Polygram Records Sdn Bhd v The Search & Anor [ 1994] 3MLJ 127.
This case involved a group of young singers known as "The Search" who had
entered into two written contracts with the plaintiffs, both recording
contracts containing substantially the same terms. The defendants, the
group of singers, alleged that the second contract was made under undue
influence. In this case, having established the existence of undue influence,
the next issue was whether the defendants had succeeded in establishing
the necessary element of "manifest disadvantage".

Visu Sinnadurai J stated:


“It has long been generally accepted both by judges and textbook writers,
that in every case where undue influence was being alleged, the party
seeking to set aside the transaction must also establish some manifest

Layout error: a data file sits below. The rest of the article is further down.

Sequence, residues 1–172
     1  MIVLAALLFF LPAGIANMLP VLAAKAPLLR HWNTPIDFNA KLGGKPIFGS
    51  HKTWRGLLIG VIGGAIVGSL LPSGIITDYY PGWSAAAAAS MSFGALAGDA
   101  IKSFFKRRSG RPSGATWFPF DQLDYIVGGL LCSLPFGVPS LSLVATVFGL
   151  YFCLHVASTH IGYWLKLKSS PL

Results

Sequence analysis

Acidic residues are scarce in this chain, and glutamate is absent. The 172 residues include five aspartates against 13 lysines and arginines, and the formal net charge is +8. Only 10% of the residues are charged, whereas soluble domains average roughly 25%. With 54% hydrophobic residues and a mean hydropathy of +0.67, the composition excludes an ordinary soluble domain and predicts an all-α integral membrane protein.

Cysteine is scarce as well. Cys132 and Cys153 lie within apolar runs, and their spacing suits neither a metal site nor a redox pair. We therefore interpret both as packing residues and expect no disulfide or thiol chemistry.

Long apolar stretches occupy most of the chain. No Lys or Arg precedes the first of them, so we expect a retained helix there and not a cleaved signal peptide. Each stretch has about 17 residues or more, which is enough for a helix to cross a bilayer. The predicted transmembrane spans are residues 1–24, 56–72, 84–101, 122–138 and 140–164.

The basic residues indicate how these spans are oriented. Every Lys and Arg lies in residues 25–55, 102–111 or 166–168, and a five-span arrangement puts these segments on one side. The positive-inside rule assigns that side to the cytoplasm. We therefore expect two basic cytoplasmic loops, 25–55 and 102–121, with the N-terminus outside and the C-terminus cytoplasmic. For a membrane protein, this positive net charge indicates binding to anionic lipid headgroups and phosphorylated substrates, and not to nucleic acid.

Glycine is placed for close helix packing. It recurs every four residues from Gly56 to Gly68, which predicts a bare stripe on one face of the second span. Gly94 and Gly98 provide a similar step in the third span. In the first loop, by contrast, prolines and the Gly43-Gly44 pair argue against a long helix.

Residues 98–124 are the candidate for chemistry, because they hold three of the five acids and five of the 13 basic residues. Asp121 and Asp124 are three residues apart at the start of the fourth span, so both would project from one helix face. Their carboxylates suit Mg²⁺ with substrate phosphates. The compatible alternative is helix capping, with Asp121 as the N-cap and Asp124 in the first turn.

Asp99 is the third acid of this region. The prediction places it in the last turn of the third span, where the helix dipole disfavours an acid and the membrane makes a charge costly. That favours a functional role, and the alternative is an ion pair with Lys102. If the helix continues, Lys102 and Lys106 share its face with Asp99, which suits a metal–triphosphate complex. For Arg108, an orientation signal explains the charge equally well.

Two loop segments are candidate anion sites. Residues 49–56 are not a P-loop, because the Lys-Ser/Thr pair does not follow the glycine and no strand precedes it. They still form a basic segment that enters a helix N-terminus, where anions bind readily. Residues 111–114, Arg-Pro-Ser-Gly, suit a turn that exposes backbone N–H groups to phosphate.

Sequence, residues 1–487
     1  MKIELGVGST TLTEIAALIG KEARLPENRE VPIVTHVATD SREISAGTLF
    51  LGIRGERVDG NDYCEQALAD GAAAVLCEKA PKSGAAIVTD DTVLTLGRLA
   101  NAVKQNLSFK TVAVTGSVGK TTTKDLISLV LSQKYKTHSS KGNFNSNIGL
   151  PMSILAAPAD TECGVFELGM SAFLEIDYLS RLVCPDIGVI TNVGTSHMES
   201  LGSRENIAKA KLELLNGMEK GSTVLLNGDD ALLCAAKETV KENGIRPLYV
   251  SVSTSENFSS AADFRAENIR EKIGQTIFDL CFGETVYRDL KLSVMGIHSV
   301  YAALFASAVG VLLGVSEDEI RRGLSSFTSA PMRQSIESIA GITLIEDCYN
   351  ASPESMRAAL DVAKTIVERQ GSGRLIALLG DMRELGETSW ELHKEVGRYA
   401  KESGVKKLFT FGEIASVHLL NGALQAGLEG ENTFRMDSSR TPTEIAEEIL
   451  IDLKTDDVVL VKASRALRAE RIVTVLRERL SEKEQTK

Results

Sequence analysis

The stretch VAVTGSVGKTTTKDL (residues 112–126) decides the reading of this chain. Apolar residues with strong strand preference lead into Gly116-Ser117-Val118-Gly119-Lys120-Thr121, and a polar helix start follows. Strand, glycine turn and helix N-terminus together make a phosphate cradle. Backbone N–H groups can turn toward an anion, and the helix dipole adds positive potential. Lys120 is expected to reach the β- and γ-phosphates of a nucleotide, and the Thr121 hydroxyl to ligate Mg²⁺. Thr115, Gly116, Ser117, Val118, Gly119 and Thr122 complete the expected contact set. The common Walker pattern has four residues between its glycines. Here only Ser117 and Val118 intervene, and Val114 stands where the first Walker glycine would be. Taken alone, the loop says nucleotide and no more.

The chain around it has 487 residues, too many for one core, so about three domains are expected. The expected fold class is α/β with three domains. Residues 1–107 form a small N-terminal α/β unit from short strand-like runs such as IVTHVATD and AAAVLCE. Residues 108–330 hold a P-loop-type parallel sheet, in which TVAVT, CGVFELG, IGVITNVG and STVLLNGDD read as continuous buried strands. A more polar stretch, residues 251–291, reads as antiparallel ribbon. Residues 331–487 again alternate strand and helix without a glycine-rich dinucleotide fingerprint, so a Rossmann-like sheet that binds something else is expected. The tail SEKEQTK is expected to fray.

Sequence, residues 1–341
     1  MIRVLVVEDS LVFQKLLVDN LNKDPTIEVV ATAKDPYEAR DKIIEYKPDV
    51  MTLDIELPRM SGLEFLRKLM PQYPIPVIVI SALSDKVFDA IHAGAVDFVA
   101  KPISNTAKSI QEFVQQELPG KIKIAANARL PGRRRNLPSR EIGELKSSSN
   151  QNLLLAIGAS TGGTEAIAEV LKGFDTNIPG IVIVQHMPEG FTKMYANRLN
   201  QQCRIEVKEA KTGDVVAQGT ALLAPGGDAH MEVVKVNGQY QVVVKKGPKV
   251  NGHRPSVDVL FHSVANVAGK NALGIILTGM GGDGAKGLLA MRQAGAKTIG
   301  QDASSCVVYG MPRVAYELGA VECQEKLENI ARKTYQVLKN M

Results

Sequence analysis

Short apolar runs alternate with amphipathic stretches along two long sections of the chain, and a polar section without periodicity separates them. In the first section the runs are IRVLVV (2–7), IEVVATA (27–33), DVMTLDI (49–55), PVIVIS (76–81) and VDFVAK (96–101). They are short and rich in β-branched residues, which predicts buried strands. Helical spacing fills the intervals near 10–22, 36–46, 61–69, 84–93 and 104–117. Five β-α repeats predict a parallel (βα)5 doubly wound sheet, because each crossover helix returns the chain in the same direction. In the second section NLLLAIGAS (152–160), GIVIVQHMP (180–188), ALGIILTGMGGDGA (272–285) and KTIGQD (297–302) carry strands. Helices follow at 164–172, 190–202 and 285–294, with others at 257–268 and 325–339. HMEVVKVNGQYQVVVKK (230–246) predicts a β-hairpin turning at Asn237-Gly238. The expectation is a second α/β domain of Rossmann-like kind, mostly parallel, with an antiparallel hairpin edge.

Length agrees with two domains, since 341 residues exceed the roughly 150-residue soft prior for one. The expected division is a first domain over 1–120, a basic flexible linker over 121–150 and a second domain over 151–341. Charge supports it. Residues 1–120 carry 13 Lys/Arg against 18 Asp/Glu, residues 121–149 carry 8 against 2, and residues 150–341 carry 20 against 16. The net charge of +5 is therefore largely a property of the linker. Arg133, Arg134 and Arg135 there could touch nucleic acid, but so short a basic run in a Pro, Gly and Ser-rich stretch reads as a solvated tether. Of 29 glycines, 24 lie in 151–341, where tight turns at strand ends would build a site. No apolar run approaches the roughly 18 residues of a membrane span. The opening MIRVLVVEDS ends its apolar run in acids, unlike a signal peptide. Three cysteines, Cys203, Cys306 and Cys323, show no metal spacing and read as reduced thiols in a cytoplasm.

disadvantage to the contracting party: see for example the decision of the
Court of Appeal in Bank of Credit and Commerce International SA v Aboody
[1990]1 QB 923; [1992] 4 All ER 955; [1989] 2 WLR 759.
However, this requirement of manifest disadvantage has now been
reviewed and re-examined by the House of Lords more recently in

CIBC Mortgages plc v Pitt & Anor [1993] 4 All ER 433 (see also the more
recent Court of Appeal decision in Cheese v Thomas [1994] 1 All ER 35).
Lord Browne-Wilkinson, in overruling Aboody's case, explained that the
requirement of establishing manifest disadvantage was not applicable to
cases of actual undue influence, but applied (if at all), only to cases of
presumed undue influence…
As the present case is one dealing with presumed undue influence, falling
under the class 2B category, and not one of actual undue influence, I need
to consider, following the Privy Council decision in Poosathurai, but bearing
in mind the reservations expressed by Lord Browne-Wilkinsoin Pitt's case,
whether the defendants have also succeeded in establishing that the
contract entered into by the defendants was 'unconscionable' or one of
manifest disadvantage to them .” Ibid, at 156-157